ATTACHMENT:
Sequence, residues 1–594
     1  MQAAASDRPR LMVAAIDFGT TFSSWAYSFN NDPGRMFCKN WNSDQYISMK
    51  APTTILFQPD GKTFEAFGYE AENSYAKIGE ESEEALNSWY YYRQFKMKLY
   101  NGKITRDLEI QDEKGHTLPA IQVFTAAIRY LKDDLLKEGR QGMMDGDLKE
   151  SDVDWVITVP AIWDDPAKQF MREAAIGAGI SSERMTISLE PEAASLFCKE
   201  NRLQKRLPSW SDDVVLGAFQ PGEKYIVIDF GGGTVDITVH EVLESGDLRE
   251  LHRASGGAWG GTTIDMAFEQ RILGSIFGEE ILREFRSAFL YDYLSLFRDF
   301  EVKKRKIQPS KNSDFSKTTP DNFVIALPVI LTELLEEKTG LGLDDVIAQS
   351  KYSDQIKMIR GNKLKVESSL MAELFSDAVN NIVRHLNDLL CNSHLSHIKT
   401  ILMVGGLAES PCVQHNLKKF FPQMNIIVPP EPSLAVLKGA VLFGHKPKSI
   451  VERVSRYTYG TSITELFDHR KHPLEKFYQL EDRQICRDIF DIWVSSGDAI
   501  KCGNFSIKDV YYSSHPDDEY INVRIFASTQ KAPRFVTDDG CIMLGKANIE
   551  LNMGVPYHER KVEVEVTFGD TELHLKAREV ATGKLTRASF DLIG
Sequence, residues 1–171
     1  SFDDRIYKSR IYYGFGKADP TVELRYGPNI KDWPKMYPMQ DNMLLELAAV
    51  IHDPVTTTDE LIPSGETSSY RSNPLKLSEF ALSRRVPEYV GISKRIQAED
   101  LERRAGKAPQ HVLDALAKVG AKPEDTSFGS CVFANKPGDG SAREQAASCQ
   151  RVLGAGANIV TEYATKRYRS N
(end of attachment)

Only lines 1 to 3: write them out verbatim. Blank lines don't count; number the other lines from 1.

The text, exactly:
Sequence, residues 1–594
     1  MQAAASDRPR LMVAAIDFGT TFSSWAYSFN NDPGRMFCKN WNSDQYISMK
    51  APTTILFQPD GKTFEAFGYE AENSYAKIGE ESEEALNSWY YYRQFKMKLY